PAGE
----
Rizzo states his case for NL Gold Glove

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(Photo by Stephen Green)

As the 2013 season comes to a close, it’s safe to say slugger Anthony Rizzo was probably hoping for a better offensive campaign. His 22 homers and 39 doubles were solid for a middle-of-the-order bat, but his .230 average was 55 points lower than his half-season average from 2012. But while he might not have produced what many were hoping for in the batter’s box, the 23-year-old made tremendous strides defensively—so much so that he should be one of the front-runners for the NL Gold Glove.

With just a series left to play, Rizzo is at or near the top of just about every meaningful defensive category measuring NL first basemen. Not only is his Ultimate Zone Rating (a defensive metric that uses play-by-play data to estimate a fielder’s defensive contributions) nearly two full points higher than the next-best first baseman, but his 15 defensive runs saved are top 10 of all players in the National League—and best for his position.

The first baseman was always viewed as a slick fielder, but the strides he has made—even from his rookie 2012 campaign—are impressive. Along with a jump of nearly a point in UZR, Rizzo’s Revised Zone Rating (the proportion of balls hit into a fielder’s zone that he successfully converts into an out) jumped from .809 to .867 this season, the highest mark among NL players at first. He even converted 42 plays from out of his standard defensive zone into outs, a solid increase from his extrapolated 2012 total of 29 at this point last season. And he had to handle 188 balls in his zone this year, the third-best in the NL.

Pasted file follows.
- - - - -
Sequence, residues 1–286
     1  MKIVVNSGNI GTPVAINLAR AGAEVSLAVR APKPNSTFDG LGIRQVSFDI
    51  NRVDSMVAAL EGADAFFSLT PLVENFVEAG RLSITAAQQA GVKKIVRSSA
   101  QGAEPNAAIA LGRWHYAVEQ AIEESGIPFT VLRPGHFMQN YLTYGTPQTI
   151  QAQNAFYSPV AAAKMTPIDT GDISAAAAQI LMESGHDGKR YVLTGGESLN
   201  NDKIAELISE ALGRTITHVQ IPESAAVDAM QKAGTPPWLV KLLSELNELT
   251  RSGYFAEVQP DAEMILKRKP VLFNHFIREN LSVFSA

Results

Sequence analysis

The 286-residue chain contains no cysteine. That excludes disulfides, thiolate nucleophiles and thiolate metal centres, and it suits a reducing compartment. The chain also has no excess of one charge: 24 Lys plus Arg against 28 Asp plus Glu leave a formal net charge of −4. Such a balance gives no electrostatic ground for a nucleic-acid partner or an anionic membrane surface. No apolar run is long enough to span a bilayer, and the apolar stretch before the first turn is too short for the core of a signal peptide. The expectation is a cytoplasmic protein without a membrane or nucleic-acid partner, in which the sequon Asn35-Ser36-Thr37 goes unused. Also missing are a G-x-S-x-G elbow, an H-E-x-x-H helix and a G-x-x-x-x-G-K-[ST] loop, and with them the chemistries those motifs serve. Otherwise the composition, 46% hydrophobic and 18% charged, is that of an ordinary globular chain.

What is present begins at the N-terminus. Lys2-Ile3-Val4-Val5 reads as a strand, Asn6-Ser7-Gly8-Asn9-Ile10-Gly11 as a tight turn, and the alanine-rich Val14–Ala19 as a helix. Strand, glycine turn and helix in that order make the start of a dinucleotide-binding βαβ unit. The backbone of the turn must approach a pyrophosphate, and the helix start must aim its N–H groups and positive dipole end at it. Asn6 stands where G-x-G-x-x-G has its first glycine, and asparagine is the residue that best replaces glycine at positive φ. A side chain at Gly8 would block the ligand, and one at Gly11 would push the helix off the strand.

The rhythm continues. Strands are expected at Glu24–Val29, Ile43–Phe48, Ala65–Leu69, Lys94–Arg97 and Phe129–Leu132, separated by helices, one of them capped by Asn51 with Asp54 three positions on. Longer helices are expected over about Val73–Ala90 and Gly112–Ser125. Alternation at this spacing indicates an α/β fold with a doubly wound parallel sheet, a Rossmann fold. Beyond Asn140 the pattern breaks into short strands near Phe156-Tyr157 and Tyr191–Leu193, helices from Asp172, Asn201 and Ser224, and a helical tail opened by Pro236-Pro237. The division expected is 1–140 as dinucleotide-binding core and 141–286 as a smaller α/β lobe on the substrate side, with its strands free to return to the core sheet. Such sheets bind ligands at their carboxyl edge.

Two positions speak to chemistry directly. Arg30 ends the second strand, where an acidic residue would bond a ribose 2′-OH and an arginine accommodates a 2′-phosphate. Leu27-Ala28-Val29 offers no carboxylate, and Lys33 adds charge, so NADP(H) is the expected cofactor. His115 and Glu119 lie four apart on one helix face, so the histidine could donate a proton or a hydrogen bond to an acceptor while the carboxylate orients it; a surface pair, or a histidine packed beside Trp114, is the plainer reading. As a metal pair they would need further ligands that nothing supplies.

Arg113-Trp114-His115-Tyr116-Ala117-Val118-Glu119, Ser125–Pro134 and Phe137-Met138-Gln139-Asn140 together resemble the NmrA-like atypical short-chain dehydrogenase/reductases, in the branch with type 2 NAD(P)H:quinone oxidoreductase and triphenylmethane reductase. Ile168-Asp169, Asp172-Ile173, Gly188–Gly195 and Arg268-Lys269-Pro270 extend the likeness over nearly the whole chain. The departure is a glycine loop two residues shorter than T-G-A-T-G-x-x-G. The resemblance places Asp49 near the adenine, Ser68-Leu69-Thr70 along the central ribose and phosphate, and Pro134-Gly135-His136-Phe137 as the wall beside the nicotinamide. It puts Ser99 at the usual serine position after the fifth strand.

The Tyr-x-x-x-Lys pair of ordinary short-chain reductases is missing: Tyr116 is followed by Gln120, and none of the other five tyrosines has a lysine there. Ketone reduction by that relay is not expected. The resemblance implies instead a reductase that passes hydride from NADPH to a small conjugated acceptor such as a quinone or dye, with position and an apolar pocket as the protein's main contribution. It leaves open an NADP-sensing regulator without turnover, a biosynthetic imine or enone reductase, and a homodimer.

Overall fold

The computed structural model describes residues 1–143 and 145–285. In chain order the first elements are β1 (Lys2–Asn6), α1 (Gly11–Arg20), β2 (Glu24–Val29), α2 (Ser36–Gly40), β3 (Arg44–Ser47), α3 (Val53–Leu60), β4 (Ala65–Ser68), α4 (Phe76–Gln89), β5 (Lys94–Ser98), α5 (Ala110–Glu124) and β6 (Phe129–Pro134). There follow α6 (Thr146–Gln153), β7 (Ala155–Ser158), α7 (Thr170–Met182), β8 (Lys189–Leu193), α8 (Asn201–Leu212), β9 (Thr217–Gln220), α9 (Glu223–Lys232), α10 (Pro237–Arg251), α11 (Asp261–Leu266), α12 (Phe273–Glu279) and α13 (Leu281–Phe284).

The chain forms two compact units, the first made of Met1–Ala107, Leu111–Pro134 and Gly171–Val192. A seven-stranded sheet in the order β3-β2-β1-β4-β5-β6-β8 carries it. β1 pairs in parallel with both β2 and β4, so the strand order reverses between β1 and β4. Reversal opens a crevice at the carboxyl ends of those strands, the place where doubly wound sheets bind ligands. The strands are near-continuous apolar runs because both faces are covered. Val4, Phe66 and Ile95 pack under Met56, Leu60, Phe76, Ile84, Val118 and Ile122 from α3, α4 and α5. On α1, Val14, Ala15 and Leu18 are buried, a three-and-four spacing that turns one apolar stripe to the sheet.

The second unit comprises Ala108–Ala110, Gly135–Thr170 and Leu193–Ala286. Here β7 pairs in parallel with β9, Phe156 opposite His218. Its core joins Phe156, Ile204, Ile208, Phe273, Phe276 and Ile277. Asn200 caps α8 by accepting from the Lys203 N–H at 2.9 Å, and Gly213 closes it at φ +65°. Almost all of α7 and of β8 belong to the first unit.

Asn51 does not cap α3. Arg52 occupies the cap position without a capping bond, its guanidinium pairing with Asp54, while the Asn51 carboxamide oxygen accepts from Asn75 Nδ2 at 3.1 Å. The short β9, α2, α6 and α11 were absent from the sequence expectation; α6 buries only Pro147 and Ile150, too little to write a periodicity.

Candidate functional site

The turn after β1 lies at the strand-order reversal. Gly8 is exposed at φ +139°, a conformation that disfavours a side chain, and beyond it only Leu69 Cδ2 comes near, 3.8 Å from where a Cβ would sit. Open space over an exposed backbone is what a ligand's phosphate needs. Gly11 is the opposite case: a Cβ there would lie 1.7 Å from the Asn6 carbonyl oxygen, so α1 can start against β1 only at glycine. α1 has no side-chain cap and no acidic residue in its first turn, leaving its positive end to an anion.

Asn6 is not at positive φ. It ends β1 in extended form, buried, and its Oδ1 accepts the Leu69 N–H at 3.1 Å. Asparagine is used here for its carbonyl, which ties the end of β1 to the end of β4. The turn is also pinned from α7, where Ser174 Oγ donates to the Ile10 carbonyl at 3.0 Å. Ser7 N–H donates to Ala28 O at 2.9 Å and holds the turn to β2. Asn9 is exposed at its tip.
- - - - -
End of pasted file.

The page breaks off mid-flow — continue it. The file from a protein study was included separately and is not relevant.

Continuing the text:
Even looking at old-school defensive stats like errors and fielding percentage, Rizzo still is top three in both categories. Below is a full breakdown of how he has fared thus far, in comparison to some of the other NL first baseman.

RizzoDefense

(BIZ- Balls hit within player’s defensive zone, OOZ- Successful plays made when ball was hit out of player’s standard defensive zone—All stats according to fangraphs.com)

1 Comment

I think that the inadequacies in his hitting can easily be fixed; easier than if he were having problems with his fielding.

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